Recently, I read an article by Douglas Prager, “When Young People Get Excited,” and I was really struck by his words. Commenting on the seemingly immense popularity of Barrack Obama among young Americans, he argues that young people involved in politics actually pose more harm than good for society. He writes,
Wow. I feel a bit slighted. As a college student who has a real passion for politics, I have to wonder, what do his words reveal about what most adults think of the American youth? Have we really made such a bad impression historically that has caused America to lose faith in the nation’s young people? Do we as conservatives even have a chance to overcome these stereotypes?
I think in order to address the issue of youth activism, we should focus on the ideas and not solely on those who possess them. Certainly, the radical campus activism during the Vietnam War was troubling, disheartening, and unsettling for Americans. I agree that such violent actions give youth a bad name. And of course, these young people were far more responsive because of their immaturity and lack of serious consideration for their actions. Their youthfulness did factor into their actions. In that sense, Prager makes an excellent point. The youth are often swayed by personal inexperience, idealism, academia, and even the media to act in radical ways.
But let’s think historically about some movements that also changed the course of American political history in a peaceful way. What about the Youth for Goldwater movement and the formation of Young Americans for Freedom in the 1960s that helped spark the rise of modern American conservatism in the twentieth century, a major political movement that changed the direction of our nation’s politics? And how should NeW, a group that is dedicated to educating young women on college campuses, be regarded? Historically, young people have made a difference, in spite of their youthfulness, WHEN their ideas are centered on American ideals of truth, reason, and principle.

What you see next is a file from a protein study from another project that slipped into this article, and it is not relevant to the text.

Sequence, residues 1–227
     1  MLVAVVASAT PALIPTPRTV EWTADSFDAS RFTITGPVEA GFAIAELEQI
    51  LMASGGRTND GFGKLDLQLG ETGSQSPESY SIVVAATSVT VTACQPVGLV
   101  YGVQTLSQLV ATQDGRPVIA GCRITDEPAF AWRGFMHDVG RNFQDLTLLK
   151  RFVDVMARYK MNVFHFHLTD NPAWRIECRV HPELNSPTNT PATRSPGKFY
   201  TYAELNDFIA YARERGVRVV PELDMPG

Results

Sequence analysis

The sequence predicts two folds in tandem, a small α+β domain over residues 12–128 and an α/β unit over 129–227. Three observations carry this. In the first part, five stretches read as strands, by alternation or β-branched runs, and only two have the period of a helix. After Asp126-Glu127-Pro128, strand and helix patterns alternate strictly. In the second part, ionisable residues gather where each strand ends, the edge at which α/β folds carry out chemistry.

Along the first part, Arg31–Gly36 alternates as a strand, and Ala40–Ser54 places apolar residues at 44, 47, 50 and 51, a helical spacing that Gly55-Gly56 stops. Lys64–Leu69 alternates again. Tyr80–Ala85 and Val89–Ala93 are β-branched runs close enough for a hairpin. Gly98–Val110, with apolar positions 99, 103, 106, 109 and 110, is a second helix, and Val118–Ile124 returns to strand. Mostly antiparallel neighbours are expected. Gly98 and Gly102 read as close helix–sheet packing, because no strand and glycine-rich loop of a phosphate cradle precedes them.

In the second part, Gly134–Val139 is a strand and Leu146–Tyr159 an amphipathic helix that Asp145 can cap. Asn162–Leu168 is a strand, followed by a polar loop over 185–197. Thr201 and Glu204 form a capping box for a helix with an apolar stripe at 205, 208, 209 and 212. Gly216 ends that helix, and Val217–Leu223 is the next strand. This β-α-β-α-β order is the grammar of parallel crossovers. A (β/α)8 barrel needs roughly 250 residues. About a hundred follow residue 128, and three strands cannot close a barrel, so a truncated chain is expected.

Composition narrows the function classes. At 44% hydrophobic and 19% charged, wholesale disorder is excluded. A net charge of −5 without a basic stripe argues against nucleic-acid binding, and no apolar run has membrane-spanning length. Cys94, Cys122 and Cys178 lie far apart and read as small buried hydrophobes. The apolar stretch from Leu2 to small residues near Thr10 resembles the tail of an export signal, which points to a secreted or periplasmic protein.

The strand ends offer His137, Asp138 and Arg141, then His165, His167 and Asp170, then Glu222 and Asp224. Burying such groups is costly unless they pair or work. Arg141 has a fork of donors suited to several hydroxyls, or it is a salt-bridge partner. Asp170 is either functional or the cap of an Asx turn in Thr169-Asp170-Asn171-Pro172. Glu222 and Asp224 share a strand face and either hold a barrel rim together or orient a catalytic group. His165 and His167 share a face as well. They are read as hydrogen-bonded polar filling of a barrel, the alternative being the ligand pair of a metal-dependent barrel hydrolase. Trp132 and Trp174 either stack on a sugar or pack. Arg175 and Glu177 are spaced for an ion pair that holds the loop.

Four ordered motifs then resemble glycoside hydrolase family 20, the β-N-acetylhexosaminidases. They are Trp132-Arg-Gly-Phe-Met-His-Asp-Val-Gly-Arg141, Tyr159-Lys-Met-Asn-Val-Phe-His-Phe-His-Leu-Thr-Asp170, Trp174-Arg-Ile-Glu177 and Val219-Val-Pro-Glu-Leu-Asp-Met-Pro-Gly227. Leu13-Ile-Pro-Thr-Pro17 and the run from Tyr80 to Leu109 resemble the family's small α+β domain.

Young Americans can make a difference, and it is a tragedy that the rash and destructive decisions of some have overshadowed the potential for change that the nation’s youth can accomplish with proper direction. At times when confidence in our generation is low, we have the opportunity to transform those negative perceptions. In these moments, I think it’s clear how vital groups like NeW are to the nation’s future. NeW aims to cultivate understanding and knowledge among college females, who are often at risk for being swayed to think that relativism and liberalism are the only ways to solve problems, and we CAN impact our campuses in meaningful ways. It’s time we really strive to show America just how much we care about protecting our country, preserving our freedom, and defending the values upon which this nation was founded.